Also they seem to say it isn't being used to track people, but in this case that seems iffy.

      How did they come to suspect who was the robber? Was it a case of seeing what mobile phones were next to his phone at that specific time he was robbed using stingray? This would normally require a court order to get info from the mobile phone companies. (hardly worth it for a mugging)

      Or did they have a suspect in mind and just used the stingray to find his SIM and then find him? But then that opens the question, how did they know his SIMs IMSI without obtaining a court order from the mobile phone company?

      The stingray has the capabilities to track a SIMs unique IMSI number and location. The question is, is this being deployed city wide to track all mobiles and location? So when a crime is committed they can back track and see what mobiles were in that vicinity, then track where they are now. They don't even need to know who the people are to send someone to the phones current location. The massive benefit to them is that they don't have to get a court order to request data from the mobile phone companies.

      The very fact that they are not being open about it shows they have something to hide.

      1. Anonymous Coward
        Anonymous Coward

        Re: Hmm.... Interesting Case...

        "How did they come to suspect who was the robber? Was it a case of seeing what mobile phones were next to his phone at that specific time he was robbed using stingray? This would normally require a court order to get info from the mobile phone companies. (hardly worth it for a mugging)"

        According to the article, the robbers stole a phone. The guy who got robbed reported his iPhone stolen. The article implies that it was the stolen iPhone that was tracked, not an arbitrary dragnet of nearby phones.

  5. Phil Endecott

    Can someone explain why they don't want to get a warrant from a judge?

    1. Anonymous Coward
      Anonymous Coward

      Probably because some US DoJ lawyer told them that they didn't have to. I'd love to see that individual fired, disbarred, and prosecuted..along with everyone in the review process.

    2. PacketPusher
      Big Brother

      It's all about power. They don't want to have to ask a judge and possibly be denied.

    3. Oninoshiko

      Honestly, because it tracks everyone in an area, there shouldn't be a way to get a warrant for this thing. It's usage is ALWAYS too broad because of how it works.

      What happened to the good ol' fashion stakeout?

  6. x 7

    the RAF is believed to use the same equipment in their UK-based Islander / Defender aircraft (in support of the Police / Security Services)

  7. Sokolik
    Stop

    "Florida". Why am I not surprised?

    "In one, defense lawyers were able to use the FBI's reluctance to reveal details about the technology to get a sweetheart deal of a sentence for their clients."

    "Blowback" is, I believe, the correct term for this in the business. And the perils of "blowback" from scales local to global are a lesson we cousins have-- despite countless opportunities-- yet to learn.

    Yours truly, the resident Left-Coast-Leftie

  8. x 7

    It may well be that the reason for the sentence bargain was not to hide the (assumed) illegality of the evidence gathering, but rather to disguise the technical details behind it.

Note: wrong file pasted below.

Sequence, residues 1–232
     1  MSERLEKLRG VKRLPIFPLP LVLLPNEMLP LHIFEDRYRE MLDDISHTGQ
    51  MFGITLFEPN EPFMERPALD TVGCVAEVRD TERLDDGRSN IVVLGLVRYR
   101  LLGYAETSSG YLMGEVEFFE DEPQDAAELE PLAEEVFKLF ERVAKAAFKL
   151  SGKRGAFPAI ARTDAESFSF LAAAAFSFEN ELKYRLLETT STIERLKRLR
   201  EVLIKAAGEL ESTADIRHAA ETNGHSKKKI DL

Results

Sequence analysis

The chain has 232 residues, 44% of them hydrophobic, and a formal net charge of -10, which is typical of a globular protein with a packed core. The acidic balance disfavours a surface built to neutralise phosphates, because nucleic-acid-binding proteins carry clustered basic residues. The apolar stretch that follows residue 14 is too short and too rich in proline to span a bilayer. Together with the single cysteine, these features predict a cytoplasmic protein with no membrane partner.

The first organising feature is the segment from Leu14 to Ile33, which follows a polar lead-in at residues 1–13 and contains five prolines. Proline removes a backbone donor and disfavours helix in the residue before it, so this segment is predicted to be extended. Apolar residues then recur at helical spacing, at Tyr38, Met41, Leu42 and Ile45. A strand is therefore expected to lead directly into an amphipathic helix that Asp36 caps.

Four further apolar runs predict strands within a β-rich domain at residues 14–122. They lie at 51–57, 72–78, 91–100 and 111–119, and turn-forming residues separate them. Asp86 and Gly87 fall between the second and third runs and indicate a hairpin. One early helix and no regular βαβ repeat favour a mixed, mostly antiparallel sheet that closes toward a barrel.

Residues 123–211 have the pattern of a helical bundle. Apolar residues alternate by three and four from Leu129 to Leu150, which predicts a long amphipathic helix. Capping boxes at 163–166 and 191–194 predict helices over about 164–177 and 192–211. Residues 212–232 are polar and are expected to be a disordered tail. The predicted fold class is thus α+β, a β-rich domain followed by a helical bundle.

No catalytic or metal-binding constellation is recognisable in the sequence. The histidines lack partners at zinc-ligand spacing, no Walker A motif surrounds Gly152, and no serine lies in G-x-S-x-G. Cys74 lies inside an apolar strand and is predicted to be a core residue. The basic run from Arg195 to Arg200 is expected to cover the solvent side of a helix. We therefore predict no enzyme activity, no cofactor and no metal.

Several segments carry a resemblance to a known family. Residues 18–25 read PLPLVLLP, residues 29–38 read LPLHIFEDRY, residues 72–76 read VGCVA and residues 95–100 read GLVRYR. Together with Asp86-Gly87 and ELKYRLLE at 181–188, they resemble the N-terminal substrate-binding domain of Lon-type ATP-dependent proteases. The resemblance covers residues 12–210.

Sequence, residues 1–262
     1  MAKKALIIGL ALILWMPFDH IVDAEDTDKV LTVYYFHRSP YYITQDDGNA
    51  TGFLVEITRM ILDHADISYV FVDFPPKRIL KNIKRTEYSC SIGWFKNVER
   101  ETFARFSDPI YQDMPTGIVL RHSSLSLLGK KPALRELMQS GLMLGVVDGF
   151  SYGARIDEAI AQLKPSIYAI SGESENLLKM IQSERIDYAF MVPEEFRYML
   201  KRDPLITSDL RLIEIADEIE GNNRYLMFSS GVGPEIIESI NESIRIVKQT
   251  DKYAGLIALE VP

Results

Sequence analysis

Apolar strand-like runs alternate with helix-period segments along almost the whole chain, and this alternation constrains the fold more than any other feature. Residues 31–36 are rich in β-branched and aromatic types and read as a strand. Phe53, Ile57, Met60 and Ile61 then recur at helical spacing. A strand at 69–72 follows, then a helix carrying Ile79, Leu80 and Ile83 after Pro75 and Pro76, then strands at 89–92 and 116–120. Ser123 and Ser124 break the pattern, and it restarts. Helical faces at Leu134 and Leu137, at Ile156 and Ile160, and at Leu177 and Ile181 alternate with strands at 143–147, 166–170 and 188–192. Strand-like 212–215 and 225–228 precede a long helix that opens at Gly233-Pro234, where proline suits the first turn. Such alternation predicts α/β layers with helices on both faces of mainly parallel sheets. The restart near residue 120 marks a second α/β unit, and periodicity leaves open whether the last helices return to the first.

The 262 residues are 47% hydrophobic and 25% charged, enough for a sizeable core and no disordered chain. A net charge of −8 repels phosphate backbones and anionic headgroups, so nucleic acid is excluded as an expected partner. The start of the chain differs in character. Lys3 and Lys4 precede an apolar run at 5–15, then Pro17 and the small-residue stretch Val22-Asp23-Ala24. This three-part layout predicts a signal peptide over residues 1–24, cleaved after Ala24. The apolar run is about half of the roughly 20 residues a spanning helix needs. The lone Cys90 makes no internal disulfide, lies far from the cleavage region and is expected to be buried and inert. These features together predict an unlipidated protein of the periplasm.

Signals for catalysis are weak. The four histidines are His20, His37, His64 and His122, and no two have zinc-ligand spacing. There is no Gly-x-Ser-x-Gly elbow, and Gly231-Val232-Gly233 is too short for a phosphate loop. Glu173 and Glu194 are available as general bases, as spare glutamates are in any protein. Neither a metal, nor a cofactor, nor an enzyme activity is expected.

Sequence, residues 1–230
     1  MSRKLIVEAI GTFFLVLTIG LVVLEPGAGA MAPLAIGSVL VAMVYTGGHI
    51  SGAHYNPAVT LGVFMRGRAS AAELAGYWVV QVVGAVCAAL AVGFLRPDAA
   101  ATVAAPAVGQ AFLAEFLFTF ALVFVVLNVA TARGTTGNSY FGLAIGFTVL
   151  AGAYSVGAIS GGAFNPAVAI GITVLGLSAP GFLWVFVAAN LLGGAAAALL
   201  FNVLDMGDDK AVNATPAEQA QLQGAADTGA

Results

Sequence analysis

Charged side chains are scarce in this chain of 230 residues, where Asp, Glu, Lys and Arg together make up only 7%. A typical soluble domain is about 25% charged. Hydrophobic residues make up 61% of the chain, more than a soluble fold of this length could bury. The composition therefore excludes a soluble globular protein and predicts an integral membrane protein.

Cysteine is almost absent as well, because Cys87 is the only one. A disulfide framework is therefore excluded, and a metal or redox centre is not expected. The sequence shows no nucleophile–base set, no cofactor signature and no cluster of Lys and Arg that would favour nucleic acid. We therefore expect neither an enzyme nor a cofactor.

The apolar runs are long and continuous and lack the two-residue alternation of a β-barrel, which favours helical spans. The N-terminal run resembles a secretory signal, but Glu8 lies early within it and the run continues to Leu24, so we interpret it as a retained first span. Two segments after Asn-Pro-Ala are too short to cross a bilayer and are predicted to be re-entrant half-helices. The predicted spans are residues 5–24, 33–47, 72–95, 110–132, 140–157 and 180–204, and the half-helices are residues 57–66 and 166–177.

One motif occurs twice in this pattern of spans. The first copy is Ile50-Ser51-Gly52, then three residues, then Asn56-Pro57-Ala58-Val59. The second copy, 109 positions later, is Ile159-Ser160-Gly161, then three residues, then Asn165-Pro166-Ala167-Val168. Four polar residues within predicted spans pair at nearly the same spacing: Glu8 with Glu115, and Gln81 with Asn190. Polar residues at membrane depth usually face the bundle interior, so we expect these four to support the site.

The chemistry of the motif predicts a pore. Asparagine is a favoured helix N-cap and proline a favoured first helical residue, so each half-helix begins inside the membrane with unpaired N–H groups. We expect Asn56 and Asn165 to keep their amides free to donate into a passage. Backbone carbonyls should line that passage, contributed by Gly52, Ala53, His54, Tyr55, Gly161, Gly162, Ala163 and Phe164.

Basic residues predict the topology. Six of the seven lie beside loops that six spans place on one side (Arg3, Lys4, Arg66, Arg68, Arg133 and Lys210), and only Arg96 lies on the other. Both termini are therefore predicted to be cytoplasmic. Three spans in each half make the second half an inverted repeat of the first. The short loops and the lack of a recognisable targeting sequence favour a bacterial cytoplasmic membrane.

I believe I am correct in saying that in the UK no-one has ever been prosecuted for failure to purchase a TV licence based on the evidence of detector vans.....because the authorities are not prepared to reveal in court how the detectors work. They prefer to keep the technology secret

    Once an address with a working unlicensed TV has been identified by a detector set, then evidence is gathered manually (i.e. a witness seeing / hearing a broadcast) or else via self-incrimination following a bullying interview under caution.

    Similarly the FBI won't be keen for the public to know just how their mobile phone spoofing works.

    This could be for matters of national security.......or it could be because it doesn't actually work very well and is invalid if presented on its own

    1. Peter 26

      I'm pretty sure the detector vans are just to cause FUD in the population. Apparently they did have one detector van for the whole UK which they got out for TV appearances, but there is no evidence of it actually being used outside of news segments. I don't believe this is because of them hiding it, if anything they are avoiding the fact that they are not using them. It's much easier to just have someone look through your window or put an ear to the door.

    2. Florida1920
      Childcatcher

      Isn't watching TV punishment enough?

      I've always found it hard to believe the UK government has trucks driving around looking for unlicensed TV sets. The idea of even licensing a TV set is pretty hard to grasp, too. Bloke from the UK I used to know told me he gutted the horizontal oscillators out of salvaged sets and got them running on the bench, just to drive the trackers nuts. This would have been in the 60s. Dunno how true that was. Now we need to devise electronic countermeasures to spoof phony cell towers. Reward the hounds with a few more foxes to chase.

    3. Crazy Operations Guy

      How do they detect unlicensed TVs anyway?

      The TVs aren't transmitting anything, just absorbing RF waves and turning them into a video/audio stream. Not really something you can detect. You might be able to to track by way of detecting energy levels surrounding the antenna, but that could only really be done in a tightly-controlled lab setting. I suppose you could also detect the reception of these signals by tapping the house's Earth Ground wire and filtering out all the noise. But the existence of a TV signal could be explained away saying that its a mere piece of wire attached to ground and happens to be a harmonic of a TV channel's wavelength...